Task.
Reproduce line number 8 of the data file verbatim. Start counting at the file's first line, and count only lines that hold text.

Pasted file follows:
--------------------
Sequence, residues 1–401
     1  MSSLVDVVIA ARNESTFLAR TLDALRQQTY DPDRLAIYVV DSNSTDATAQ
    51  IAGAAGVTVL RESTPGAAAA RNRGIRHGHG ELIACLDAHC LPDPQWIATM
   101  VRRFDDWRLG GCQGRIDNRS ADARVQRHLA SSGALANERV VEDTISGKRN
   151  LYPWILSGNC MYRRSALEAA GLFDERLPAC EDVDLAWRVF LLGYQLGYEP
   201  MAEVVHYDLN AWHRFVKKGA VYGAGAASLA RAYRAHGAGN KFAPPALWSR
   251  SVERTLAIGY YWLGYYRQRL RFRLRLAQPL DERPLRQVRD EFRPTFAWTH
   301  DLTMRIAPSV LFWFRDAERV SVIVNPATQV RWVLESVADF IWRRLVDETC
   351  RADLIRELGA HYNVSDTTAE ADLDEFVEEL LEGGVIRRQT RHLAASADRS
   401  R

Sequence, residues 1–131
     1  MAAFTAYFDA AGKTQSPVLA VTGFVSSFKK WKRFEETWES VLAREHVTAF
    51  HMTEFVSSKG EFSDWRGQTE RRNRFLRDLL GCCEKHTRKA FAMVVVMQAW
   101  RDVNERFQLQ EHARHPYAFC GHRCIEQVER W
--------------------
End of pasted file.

   301  DLTMRIAPSV LFWFRDAERV SVIVNPATQV RWVLESVADF IWRRLVDETC